Clearly the health of our human population depends on the healthy conditions across all societal sectors and natural systems. Climate change, now solidly tied to our  carbon-intensive economy, challenges all communities working on core elements of sustainable development. Human health has been relatively sidelined in the UN Framework Conventions, but now needs to be better interwoven into the process of defining the next set of global development goals.
Professor Jonathan Patz
This article first appeared on Outreach Magazine 


Environment Week in Review

Hi everyone and welcome to another Week in Review. This month we are focusing Environmentso today’s WIR includes a look back at World Environment Day, UNEP’s new report on food waste and a World Bank article on global sustainability. This article will also introduce Wikichild’s upcoming online consultation, partnered by the World Health Organization and Health Behaviour in School-Aged Children, on how child well-being should be measured in view of future development frameworks such as the Post-2015 agenda.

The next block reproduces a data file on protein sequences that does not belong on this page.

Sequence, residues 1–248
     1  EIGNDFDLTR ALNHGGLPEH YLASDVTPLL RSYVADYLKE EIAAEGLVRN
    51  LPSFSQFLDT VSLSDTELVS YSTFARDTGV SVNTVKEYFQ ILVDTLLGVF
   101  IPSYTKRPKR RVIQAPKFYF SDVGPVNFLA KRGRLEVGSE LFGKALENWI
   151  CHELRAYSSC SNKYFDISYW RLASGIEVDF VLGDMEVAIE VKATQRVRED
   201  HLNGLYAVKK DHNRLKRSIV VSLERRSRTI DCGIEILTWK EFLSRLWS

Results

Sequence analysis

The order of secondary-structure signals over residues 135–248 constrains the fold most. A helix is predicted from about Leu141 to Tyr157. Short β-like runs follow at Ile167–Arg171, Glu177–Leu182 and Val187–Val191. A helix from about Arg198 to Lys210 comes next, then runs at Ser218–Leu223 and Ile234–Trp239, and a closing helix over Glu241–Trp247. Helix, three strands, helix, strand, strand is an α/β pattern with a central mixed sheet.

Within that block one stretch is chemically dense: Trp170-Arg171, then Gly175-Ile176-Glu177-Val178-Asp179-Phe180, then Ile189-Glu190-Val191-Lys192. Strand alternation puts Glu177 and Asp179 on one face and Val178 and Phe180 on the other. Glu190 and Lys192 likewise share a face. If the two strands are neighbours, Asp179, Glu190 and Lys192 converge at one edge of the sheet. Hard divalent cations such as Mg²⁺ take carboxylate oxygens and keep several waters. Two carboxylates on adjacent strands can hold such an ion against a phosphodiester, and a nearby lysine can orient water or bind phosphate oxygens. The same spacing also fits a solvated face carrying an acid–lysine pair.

World Environment Day is an annual event that is aimed at being the biggest and most widely celebrated global day for positive environmental action. This year’s celebration, hosted by Mongolia, had the theme of ‘Think. Eat. Save. Reduce your Footprint’.  According to UNEP’s Reducing Food Loss and Waste report, which was launched on W.E.D, an estimated one third, or 1.3 billion tonnes, of all food produced ends up in the garbage of farmers, transporters, retailers and consumers alike. Make sure you look out for more environment awareness days this month including Global Wind Day and World Ocean’s Day.
This week the United Nations Office for Disaster Risk Reduction welcomed the emphasis that the Post-2015 committee is putting on combatting climate change. The Head of UNISDR, Margareta Wahlström referenced the recently published Global Assessment Report on Disaster Risk, which highlights the economic and social costs of disasters and the impact they can have on the global population, particularly the poor.